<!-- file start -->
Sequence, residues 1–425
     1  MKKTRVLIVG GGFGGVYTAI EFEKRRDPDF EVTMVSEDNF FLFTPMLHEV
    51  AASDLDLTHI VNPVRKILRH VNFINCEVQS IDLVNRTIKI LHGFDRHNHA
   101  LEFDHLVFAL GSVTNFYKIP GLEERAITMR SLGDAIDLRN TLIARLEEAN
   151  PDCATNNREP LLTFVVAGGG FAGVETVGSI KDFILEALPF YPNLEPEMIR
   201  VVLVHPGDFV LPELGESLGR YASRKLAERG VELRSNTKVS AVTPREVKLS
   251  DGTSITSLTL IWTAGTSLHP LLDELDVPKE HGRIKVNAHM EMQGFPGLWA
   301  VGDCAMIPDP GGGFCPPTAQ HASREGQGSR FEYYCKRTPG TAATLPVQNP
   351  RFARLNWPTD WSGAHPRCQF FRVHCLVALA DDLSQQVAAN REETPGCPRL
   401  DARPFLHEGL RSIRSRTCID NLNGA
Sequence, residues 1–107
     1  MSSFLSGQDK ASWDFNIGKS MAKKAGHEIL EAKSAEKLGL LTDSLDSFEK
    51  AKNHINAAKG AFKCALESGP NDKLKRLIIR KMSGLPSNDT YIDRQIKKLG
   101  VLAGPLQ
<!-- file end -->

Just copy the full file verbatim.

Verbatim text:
Sequence, residues 1–425
     1  MKKTRVLIVG GGFGGVYTAI EFEKRRDPDF EVTMVSEDNF FLFTPMLHEV
    51  AASDLDLTHI VNPVRKILRH VNFINCEVQS IDLVNRTIKI LHGFDRHNHA
   101  LEFDHLVFAL GSVTNFYKIP GLEERAITMR SLGDAIDLRN TLIARLEEAN
   151  PDCATNNREP LLTFVVAGGG FAGVETVGSI KDFILEALPF YPNLEPEMIR
   201  VVLVHPGDFV LPELGESLGR YASRKLAERG VELRSNTKVS AVTPREVKLS
   251  DGTSITSLTL IWTAGTSLHP LLDELDVPKE HGRIKVNAHM EMQGFPGLWA
   301  VGDCAMIPDP GGGFCPPTAQ HASREGQGSR FEYYCKRTPG TAATLPVQNP
   351  RFARLNWPTD WSGAHPRCQF FRVHCLVALA DDLSQQVAAN REETPGCPRL
   401  DARPFLHEGL RSIRSRTCID NLNGA
Sequence, residues 1–107
     1  MSSFLSGQDK ASWDFNIGKS MAKKAGHEIL EAKSAEKLGL LTDSLDSFEK
    51  AKNHINAAKG AFKCALESGP NDKLKRLIIR KMSGLPSNDT YIDRQIKKLG
   101  VLAGPLQ